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Being ReducedNew Essays on Reduction, Explanation, and Causation$
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Jakob Hohwy and Jesper Kallestrup

Print publication date: 2008

Print ISBN-13: 9780199211531

Published to Oxford Scholarship Online: February 2010

DOI: 10.1093/acprof:oso/9780199211531.001.0001

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The Exclusion Problem, the Determination Relation, and Contrastive Causation *

The Exclusion Problem, the Determination Relation, and Contrastive Causation *

(p.196) 11 The Exclusion Problem, the Determination Relation, and Contrastive Causation*
Being Reduced

Peter Menzies

Oxford University Press

This chapter critically examines the causal exclusion argument against non-reductive physicalism. It argues that a contrastive account of causation falsifies the exclusion principle when it is formulated in terms of causal sufficiency, but not when it is formulated in terms of difference-making causation. Nonetheless, the causal exclusion argument poses no threat to non-reductive physicalism. For a non-reductive physicalist is still able to reject its conclusion by challenging the principle of the causal closure of the physical. The principle's formulation in terms of difference-making causation makes a much stronger and less plausible claim than its formulation in terms of sufficient causation. For example, when a mental property is the difference-maker of a behavioural property, there may be a physical property that is causally sufficient for the behavioural property, but it need not be a difference-making cause of that property.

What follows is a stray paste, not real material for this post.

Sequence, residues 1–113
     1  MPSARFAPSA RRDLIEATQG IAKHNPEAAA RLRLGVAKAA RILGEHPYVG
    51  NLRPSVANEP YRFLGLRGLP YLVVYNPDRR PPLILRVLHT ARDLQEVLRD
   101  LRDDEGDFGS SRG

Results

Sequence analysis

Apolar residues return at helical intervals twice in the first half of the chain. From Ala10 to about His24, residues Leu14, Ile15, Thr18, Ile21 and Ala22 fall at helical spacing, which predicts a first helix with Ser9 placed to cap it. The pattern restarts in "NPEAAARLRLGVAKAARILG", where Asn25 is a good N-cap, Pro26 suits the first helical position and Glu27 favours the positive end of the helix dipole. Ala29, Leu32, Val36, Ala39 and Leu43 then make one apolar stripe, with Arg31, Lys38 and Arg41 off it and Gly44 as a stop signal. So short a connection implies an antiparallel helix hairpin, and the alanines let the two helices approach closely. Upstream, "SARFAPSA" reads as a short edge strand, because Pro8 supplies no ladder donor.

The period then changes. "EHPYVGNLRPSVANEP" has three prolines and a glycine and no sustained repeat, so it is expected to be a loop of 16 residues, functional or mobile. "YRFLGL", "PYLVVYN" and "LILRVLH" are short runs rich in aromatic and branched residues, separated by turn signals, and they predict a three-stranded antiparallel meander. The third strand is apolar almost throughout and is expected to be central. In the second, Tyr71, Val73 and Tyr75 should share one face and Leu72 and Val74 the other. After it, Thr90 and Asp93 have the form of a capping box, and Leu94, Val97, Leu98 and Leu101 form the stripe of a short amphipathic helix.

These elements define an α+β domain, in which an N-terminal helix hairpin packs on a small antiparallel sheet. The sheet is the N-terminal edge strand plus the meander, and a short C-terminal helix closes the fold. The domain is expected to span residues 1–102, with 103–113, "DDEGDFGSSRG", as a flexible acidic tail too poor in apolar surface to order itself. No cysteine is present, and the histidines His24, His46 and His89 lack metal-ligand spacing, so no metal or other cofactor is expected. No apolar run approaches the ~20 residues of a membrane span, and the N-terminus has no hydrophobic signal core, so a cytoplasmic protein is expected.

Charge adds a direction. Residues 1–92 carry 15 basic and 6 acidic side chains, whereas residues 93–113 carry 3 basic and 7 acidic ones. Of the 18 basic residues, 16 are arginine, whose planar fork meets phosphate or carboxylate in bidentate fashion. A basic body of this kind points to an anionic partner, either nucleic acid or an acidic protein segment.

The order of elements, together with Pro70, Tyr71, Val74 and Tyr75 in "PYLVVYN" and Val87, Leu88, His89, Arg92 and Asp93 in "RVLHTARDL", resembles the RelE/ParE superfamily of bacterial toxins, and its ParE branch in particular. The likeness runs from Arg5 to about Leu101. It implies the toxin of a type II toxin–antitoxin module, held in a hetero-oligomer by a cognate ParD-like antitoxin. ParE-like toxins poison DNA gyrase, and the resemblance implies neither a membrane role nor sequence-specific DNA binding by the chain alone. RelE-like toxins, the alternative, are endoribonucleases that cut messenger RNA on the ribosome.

Keywords:   causal exclusion, non-reductive physicalism, contrastive causation, causal sufficiency, difference-making, causal closure

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